Iron Soul said...

I think I may be too polarized to be a sun beam

Tim said...

On the other hand, polarized light is the most penetrating.

Aaron said...

I was talking to my mom about a book she was reading called something like the "God Addiction." It really means the "religion addiction" but the title is probably more catchy. It is the idea that some people are addicted to religion like some are addicted to alcohol. It comes from the story of a priest who would zealously preach from the pulpit that his parishioners should not do this and that including drink, and then he would go back to his parish and drown himself in alcohol. He eventually crashed into a tree while drunk and was forced, by his superiors, to admit himself into treatment. He found that the addiction to religion for him was remarkably similar to the addiction to alcohol.

While these people are addicted they can commit all kinds of trespasses on and towards other people. It might be that our relatives with all their good intentions are only feeding their own addiction to one degree or another.

That isn't to say that a person can't be spiritual and use a religious environment to enhance their spiritual life. It seems to cause problems when the person thinks they can control their own religious destiny with their religion. In the same way an alcoholic controls his/or her "personal peace" by their intake of alcohol. They can mask any unpleasant feelings by taking in more alcohol. And this becomes a cycle. This will work with religion too.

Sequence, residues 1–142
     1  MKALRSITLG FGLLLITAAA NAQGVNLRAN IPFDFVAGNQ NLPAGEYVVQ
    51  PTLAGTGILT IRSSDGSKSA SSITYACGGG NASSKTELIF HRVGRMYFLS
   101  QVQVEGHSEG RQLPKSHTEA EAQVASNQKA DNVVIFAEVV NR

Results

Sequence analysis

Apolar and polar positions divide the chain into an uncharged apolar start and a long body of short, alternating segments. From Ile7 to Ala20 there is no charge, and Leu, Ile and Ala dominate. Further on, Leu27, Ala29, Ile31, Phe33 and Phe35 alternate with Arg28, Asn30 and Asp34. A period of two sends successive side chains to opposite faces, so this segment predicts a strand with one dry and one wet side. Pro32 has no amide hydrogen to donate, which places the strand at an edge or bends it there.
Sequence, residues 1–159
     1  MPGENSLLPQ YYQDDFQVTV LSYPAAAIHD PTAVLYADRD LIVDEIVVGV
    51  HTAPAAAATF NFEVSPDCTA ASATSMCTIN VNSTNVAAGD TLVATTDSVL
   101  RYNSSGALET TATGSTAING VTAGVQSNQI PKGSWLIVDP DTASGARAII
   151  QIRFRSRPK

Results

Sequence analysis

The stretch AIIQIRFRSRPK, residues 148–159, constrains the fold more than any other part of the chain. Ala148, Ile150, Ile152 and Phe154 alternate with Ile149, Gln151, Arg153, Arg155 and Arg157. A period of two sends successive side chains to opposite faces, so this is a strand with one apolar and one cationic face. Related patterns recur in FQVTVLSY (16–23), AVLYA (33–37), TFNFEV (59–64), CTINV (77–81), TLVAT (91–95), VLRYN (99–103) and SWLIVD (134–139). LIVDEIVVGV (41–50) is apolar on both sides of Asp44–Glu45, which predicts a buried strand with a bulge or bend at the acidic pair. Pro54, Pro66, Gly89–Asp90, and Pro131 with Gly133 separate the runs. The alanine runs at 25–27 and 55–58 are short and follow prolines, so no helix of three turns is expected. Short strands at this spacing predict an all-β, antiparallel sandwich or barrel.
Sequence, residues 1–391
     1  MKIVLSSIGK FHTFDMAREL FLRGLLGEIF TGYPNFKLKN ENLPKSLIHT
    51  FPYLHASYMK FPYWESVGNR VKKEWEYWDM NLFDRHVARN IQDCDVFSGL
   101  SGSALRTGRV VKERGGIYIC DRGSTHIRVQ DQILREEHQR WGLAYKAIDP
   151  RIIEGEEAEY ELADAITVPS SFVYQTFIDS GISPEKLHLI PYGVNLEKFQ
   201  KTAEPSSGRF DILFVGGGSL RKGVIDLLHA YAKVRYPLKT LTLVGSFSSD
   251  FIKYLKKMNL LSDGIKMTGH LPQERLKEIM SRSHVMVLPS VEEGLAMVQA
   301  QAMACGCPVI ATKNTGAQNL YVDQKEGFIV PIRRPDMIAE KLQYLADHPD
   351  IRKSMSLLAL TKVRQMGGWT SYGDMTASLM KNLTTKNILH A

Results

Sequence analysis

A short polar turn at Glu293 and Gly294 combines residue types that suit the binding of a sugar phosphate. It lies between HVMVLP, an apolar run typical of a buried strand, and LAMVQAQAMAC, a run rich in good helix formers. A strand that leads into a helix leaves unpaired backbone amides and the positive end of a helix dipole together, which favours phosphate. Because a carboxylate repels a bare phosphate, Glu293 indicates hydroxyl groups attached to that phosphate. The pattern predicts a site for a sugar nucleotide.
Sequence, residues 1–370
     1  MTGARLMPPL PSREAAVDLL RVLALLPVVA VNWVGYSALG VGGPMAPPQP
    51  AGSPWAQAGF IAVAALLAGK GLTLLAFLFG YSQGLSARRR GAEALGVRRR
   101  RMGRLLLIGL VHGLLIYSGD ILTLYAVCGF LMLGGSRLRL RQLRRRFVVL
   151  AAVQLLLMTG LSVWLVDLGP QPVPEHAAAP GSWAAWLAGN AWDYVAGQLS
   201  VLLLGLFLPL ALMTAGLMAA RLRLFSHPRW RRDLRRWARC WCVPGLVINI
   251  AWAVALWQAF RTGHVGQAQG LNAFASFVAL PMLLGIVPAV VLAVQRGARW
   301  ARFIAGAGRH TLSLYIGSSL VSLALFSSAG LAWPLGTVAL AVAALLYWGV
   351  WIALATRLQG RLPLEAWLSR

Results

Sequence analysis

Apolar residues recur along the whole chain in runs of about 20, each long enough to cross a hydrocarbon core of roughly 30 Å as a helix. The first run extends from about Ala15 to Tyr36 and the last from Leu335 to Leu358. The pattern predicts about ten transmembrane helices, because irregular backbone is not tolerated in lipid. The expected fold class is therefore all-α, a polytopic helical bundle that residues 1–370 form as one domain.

So if I am a relative of Jeff's who knows that Jeff is on this other journey that makes me have to evaluate my own, that might be a bit painful. It takes some doing to learn something new, or to think differently. If I don't want to deal with that pain (which most of us instincively don't) then I say in my head. "Hmmmm, there has got to be an Adventist book out there that will help Jeff get back into my zone." So I find such a book. But even trying to read and learn about what that book is saying is painful. And I was avoiding the pain in the first place, so I decide, "Well, if it is Adventist it is probably good. I really don't need to read it. So I'll just give it to Jeff to read. Ah, yes. Problem solved and I feel much better."

Tim, you might be able to clarify or edit some of what I am trying to say, and put it in simpler terms.

Iron Soul said...

Aaron
I pretty much concur with your description. Their view point is not up for analysis, and it is a given that everyone should be of the same view. Therefore, I am the one that is flawed by definition. And like Herb pointed out it doesn't matter how that agreement is reached as long a I come around.

I'm pretty sure some people are addicted to religion. Others are addicted to the status quo. Some like the power and unquestioned authority that it has granted them.

I'm also sure people find peace and hope etc trough religion. That doesn't make it true or logical